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              House Minority Leader Mark Ferrandino, D-Denver, talks to reporters during a break in a special session of the Legislature at the Capitol in Denver on May 14, 2012.  Gov. John Hickenlooper called the special session for lawmakers to vote on Civil Unions and other issues not completed when last weeks general session ended. (AP Photo/Ed Andrieski)

Colorado government turns bright blue as state debates civil unions, gun control, death penalty

Greg Campbell
Contributor

Lawmakers may also consider abolishing the death penalty; lowering university tuition for undocumented immigrants, who currently pay out-of-state rates; expanding Medicaid to cover an additional 160,000 residents; and developing regulations for the retail sale of marijuana, after voters legalized pot for adult use in November.

House Minority Leader Mark Waller said he expects Democrats to capitalize on their strength in numbers, but hopes they won’t abuse it.

“There are going to be times when they take advantage of it, absolutely,”he said. “Obviously we’re going to have areas of contention and we’re going to have points of disagreement, and [Republicans are] going to be the loyal opposition on those issues. I’m hopeful that the Democrats are going to work with us and listen to our good ideas.”

He also pointed out that, with a few exceptions, Colorado has a good reputation for bipartisan cooperation, especially when compared to Congress.

Newly elected Senate President John Morse said he realizes the eyes of the country are on Colorado, especially after the vote to legalize marijuana and now that Democrats have nearly carte blanche to pass any bills they want on thorny and divisive issues that are facing several other states.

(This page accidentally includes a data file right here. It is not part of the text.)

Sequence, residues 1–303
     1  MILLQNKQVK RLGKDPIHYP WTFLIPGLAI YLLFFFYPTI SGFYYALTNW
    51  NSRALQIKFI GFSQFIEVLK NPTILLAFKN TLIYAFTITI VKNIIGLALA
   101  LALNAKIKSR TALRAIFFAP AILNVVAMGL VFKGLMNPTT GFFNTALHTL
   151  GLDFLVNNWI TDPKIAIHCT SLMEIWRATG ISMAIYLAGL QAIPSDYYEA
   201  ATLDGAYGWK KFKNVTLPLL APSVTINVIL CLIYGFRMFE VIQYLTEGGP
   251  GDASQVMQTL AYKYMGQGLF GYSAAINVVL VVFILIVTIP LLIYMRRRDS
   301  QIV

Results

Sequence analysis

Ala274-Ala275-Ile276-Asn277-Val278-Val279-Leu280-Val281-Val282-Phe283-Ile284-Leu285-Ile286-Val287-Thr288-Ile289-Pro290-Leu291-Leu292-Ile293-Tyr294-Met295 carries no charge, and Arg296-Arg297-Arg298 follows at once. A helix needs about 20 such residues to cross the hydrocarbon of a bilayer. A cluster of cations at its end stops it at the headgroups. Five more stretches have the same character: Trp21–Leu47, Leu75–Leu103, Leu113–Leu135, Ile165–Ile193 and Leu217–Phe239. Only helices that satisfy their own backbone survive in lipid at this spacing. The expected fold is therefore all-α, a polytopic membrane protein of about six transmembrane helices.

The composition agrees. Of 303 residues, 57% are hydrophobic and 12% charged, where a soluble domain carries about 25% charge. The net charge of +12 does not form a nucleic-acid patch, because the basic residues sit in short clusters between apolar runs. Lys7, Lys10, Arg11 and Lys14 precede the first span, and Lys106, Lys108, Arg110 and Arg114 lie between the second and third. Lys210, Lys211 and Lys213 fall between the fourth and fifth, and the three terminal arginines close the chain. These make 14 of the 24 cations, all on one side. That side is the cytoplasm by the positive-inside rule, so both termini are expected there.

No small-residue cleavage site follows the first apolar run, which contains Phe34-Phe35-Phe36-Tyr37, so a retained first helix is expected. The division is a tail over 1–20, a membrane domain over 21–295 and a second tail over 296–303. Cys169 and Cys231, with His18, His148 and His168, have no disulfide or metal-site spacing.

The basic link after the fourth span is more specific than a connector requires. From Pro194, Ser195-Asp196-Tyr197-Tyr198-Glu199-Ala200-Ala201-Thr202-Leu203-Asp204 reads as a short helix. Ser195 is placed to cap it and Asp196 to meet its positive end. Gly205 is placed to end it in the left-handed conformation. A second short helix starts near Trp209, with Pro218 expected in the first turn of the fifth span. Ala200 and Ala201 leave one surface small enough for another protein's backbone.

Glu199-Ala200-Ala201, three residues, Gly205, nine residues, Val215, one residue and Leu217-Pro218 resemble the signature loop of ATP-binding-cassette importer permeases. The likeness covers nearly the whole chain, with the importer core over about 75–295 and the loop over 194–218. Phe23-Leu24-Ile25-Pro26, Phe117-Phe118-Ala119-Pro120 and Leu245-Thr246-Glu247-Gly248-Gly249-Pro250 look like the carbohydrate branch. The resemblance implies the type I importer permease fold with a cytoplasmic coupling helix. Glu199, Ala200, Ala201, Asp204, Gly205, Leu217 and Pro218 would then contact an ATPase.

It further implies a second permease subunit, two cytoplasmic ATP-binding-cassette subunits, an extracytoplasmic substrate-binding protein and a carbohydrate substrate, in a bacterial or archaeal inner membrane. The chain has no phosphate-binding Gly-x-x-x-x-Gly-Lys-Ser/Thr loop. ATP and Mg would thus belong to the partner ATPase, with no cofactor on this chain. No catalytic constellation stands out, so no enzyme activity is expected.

“I hope that the rest of the country sees Colorado for what it is and that’s working together to come up with pragmatic solutions to the issues that affect all of us, not just in Colorado but throughout the country,” Morse said. “We need to inform what we do with all of Colorado — not just the Democratic part, not just the Republican part, but also the unaffiliated part.”

“This is a fiercely independent state,” he said, “and we need to come up with fiercely independent, brilliant ideas that the rest of the country can implement.”

At least one onlooker at Wednesday’s opening ceremonies wasn’t as hopeful. Former Republican Rep. J. Paul Brown, who lost his re-election bid, was on hand to witness the passing of the torch.

“I already see them making some mistakes,” he said, referring to the expansion of Medicaid, which the Kaiser Family Foundation said could cost as much as $850 million over 10 years.

“That’s a huge mistake they’re starting off with,” Brown said. “In two years, there will be a rebound for Republicans, because Republicans always have to come back and fix what the Democrats have screwed up.”

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